Beer Knowledge

The difference between Ale and Lager

Do you know the difference between Ale and Lager?

Whether you are a newcomer to the world of beer or an avid drinker, the many different terms of beer may confuse you – ale, porter, lager, stout, bocks, etc. To make it simple, all beer is classified into 2 main types, Ale or Lager. There are many differences between these two groups starting from the way they are prepared.

1.    Fermentation Ales ferment at room to warm temperature of around 15 to 22 Celsius where yeast cells float to the top. This process is referred to as “top fermenting” and take a relatively short amount of time up to 4 weeks. Meanwhile, lagers ferment at cold temperature of around 4 to 10 Celsius where yeast cells gather at the bottom. This process is referred to as “bottom fermenting.”  Lager take longer time than ales to ferment with storage of up to several weeks or months due to the slow chemical reactions associated with cold temperature.

2.    Appearance and Taste The brewing process, bottom fermented vs top fermented and the type of yeast result in different flavor for each type of beer.  It can be said that ale generally process an aromatic, strong, fruity, and full-bodied flavor and are generally served at warmer temperature than ales of around 6 to 12 degree Celsius. On the other hand, fermentation in cold environments prevents production of fruity aromas and other byproducts. Lager are known for its bright, clean yellow color with a smooth, light crispy taste and can be enjoyed at colder temperatures than ale. In addition to its subtle taste, lager has lower alcoholic content, making them easier to drink. It’s important to note though that the abundant styles of preparation and flavor added in can blur the distinction of appearance and taste between ale and lager.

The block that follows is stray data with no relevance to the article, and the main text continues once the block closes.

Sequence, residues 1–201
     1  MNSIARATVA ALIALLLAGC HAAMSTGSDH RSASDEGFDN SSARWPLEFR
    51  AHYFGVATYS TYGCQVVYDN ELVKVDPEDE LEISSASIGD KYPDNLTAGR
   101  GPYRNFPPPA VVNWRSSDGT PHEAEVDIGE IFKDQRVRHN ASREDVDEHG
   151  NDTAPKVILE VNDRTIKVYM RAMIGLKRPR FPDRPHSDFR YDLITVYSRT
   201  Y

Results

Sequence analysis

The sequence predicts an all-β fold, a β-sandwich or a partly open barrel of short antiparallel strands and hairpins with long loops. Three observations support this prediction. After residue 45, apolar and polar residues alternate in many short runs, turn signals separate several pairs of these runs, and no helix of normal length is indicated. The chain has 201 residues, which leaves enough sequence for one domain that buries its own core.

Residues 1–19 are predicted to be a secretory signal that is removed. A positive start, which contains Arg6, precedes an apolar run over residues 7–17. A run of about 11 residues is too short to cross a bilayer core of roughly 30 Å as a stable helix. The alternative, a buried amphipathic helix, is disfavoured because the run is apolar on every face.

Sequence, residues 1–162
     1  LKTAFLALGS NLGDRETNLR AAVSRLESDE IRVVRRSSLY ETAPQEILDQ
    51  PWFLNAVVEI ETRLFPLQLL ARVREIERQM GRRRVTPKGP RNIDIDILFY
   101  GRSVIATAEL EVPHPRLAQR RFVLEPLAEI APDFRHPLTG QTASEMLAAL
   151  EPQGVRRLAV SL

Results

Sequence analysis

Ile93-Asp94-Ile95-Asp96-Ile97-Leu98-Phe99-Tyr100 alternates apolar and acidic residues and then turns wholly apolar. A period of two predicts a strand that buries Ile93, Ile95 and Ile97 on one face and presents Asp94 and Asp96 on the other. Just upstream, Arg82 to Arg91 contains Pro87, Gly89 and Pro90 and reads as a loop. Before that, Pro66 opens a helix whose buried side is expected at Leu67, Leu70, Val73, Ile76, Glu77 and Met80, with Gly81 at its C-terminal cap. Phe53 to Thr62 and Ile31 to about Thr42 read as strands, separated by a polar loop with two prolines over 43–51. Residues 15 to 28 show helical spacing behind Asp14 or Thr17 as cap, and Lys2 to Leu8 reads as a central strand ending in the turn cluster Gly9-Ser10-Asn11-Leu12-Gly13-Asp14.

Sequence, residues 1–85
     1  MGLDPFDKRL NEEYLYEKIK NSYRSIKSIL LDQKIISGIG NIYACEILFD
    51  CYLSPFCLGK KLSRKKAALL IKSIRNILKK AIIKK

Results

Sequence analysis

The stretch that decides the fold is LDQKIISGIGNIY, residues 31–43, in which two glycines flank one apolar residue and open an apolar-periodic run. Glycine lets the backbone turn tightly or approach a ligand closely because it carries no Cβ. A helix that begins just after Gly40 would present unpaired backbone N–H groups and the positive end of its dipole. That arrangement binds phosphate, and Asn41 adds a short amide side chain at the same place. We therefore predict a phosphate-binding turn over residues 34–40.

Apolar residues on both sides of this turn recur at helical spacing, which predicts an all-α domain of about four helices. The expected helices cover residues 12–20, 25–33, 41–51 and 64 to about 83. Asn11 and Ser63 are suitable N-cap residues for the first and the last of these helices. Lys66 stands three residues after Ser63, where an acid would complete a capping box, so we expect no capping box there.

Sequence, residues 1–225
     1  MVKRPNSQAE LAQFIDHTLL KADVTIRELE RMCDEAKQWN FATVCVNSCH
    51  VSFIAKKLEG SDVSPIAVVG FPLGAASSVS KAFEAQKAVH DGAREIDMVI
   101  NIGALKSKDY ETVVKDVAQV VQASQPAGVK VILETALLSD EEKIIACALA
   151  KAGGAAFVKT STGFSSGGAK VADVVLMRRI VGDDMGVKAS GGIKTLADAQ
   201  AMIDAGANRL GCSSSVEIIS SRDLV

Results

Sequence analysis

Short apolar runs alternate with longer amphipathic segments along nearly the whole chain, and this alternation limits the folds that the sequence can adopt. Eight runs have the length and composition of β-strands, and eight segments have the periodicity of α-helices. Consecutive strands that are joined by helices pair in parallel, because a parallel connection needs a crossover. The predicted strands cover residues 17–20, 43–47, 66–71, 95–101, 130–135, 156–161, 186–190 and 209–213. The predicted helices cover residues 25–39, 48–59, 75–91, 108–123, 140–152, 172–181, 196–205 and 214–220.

3.    History Ales have been around far longer than lagers, recorded as early as 6000 years ago. Lager were introduced later in the late 15th or early 16th century. Traditionally lager was stored in caves for long periods during the winter, but the invention of refrigeration has made this process simpler. Hence, the origin of the word lager is from the German word lagern, which means “to store.” Examples of lager are Snow Beer, Heineken, Tsing Tao, Sapporo, Kingfisher, Budweiser, Snow, etc. Examples of well known ale are King Strout, Murphy, Elevator Hefeweizen, etc.

Lagers are relatively new to the brewing scene. They first arose in Bavarian breweries in the late 15th or early 16th century, then eventually spread to the rest of Europe (most famously to Plzeň, the birthplace of pilsner) and eventually to the rest of the worldFurther, unlike ale yeast, no “wild-type” lager yeast has ever been found in Europe and lager yeast need humans to continue its propagation. Finally, ale yeast usually spends its life as a diploid organism. Lager yeast is what biologists call “allotetraploid”: it has four copies of its genome, which is made up of genomes from two different species

Lagers are beers that are ferment slowly at low temperatures. They also ferment from the bottom up. Ales ferment quickly from the top down and are brewed in a warm environment

 Ales are fermented at relatively high temperatures — around room temperature — which means that they ferment relatively quickly (typically 2-4 weeks) , and tend to have a more pronounced flavors and aromas.

Lagers are fermented at much cooler temperatures — close to freezing — which means that they take much longer to ferment (several weeks or months), and typically have much cleaner, crisper flavor and aroma profiles. Typical lagers are clear, bright yellow, have a low bitterness and a very “clean” taste and a relatively low ABV. Most will think of Budweiser, which is a lager, but there are “craft” lagers as well that use better ingredients and are generally higher rated.

Ales tend to be fruity-estery, while lagers are clean-tasting and frequently described as “crisp”

Because ale yeast is much hardier in higher-alcohol environments, it will survive into higher levels of alcohol, causing ales to have a higher alcohol content, in a general sense.

By comparison, the slower, more fragile lager yeast generates less alcohol because it can’t survive beyond that lower alcohol content, causing lagers to generally have a lower alcohol content

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